Starring: RZA, Russell Crowe, Lucy Liu, Rick Yune, Byron Mann
Distributor: Universal Pictures
Runtime: 95 mins. Reviewed in Dec 2012
Action and rap music booking during the opening credits, but the setting is China long ago. This is a matinee movie for adults who like to indulge in this kind of martial arts saga. It is full of action and stunt work and even fuller of special effects to make the action more spectacular. And a range of extraordinary weapons and traps.
I was going to say, ‘forget about the plot’, but that might not be so helpful as I am not sure I ever grasped the plot in the first place. Gold is being stored in a village, and in the basement of the local brothel. The emperor is concerned about it. The villain has killed his master for it. The master’s son arrives bent on revenge. The madam has schemes to hold on to it. The local blacksmith (a marooned American slave) makes weapons that can defend it. A very pommy Englishman rides into town and teams up with the goodies. A sinister emissary also turns up to secure the gold. And a big man who can produce bronze armour over his skin as needed does some dastardly deeds. That outline doesn’t necessarily spoil the action for potential audiences. All that plotline does is provide the occasion for martial spectacle.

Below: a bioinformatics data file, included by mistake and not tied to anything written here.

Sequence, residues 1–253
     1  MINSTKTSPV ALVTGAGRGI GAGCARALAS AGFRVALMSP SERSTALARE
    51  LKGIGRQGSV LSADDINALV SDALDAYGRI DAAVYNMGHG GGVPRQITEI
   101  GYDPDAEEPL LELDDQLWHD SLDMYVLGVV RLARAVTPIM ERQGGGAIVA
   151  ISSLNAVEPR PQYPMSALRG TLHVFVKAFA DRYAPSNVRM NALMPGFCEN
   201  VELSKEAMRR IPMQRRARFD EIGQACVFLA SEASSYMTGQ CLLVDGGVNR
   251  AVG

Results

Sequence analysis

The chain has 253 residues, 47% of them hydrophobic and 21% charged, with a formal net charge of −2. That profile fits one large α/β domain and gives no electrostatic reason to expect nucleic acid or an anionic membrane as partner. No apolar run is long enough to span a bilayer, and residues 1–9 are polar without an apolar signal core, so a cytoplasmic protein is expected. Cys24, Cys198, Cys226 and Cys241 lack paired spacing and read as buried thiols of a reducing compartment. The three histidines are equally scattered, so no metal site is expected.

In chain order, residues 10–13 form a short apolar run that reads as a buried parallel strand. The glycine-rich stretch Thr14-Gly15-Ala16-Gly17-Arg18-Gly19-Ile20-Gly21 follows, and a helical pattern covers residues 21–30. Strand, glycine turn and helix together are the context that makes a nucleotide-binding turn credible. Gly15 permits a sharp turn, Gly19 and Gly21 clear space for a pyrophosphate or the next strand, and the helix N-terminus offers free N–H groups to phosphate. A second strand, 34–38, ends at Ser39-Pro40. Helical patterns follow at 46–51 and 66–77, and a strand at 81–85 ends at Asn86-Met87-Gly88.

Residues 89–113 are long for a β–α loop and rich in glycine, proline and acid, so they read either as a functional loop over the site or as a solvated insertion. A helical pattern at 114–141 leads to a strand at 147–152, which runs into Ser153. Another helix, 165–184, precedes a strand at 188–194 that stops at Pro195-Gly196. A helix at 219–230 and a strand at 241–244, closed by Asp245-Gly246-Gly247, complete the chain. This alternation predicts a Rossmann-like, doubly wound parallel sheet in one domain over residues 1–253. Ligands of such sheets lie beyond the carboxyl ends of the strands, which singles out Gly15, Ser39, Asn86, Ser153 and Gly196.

The slave is the title man – who has lost his arms but has been able to produce and connect hands, arms and, especially, fists of iron while working as a blacksmith. He is played by rapper RZA who co-wrote the film with Eli Roth (Hostel) and directs. It is a Chinese production, but also presented by Quentin Tarantino (echoes of the Kill Bill films).
Recently, some respected Chinese directors have been opening their films for western audiences by including American characters and employing American actors (Christian Bale in Zhang Yimou’s siege of Nanking film, Flowers of War, and Adrien Brody and Tim Robbins in Xiaogang Feng’s Back to 1942. But, by contrast, Geoffrey Rush appeared in the Korean martial arts film, Warrior’ Way. And here is Russell Crowe, with a plum in the mouth accent as the visiting Englishman. Lucy Liu is obviously enjoying herself as the extravagant madam, lots of costumes and jewelry, in the lavishly appointed brothel.
It is all acted in highly melodramatic fashion, slash and gush, (with some tongue-in cheek episodes spouting blood episodes) with some arch dialogue like ‘I lost a father but have gained a brother’ or Lucy Liu’s exhortation to the brutal soldiers, ‘Partake of the women’.
It’s like a spectacular comic strip come to life. What else would the audience be expecting!
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